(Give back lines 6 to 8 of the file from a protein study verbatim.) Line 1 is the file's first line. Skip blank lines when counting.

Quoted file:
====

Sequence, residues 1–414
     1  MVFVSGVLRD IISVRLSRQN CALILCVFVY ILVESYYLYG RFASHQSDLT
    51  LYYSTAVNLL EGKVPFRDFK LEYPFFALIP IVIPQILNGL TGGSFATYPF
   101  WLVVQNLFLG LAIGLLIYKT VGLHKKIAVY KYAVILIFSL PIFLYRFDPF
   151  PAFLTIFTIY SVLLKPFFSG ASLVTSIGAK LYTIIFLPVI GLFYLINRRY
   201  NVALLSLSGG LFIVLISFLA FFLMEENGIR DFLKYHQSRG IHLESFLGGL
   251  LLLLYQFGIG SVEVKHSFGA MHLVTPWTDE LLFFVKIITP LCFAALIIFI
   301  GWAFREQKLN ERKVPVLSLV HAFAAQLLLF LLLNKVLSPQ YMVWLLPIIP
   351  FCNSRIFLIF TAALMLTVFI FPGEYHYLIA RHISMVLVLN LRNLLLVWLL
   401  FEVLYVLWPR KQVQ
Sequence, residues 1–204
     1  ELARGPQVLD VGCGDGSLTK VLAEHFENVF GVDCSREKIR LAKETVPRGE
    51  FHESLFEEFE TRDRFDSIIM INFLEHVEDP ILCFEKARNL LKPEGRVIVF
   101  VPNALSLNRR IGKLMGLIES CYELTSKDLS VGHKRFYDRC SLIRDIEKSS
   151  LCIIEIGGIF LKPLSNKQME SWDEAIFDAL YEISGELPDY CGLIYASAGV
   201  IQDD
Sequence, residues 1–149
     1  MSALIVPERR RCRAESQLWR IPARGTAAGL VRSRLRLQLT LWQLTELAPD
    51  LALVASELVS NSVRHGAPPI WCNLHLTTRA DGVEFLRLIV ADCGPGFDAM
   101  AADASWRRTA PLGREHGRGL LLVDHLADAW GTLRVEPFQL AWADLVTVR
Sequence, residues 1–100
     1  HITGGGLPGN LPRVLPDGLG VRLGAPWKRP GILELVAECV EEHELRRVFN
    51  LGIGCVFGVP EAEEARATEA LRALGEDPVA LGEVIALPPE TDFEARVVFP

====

   201  NVALLSLSGG LFIVLISFLA FFLMEENGIR DFLKYHQSRG IHLESFLGGL
   251  LLLLYQFGIG SVEVKHSFGA MHLVTPWTDE LLFFVKIITP LCFAALIIFI
   301  GWAFREQKLN ERKVPVLSLV HAFAAQLLLF LLLNKVLSPQ YMVWLLPIIP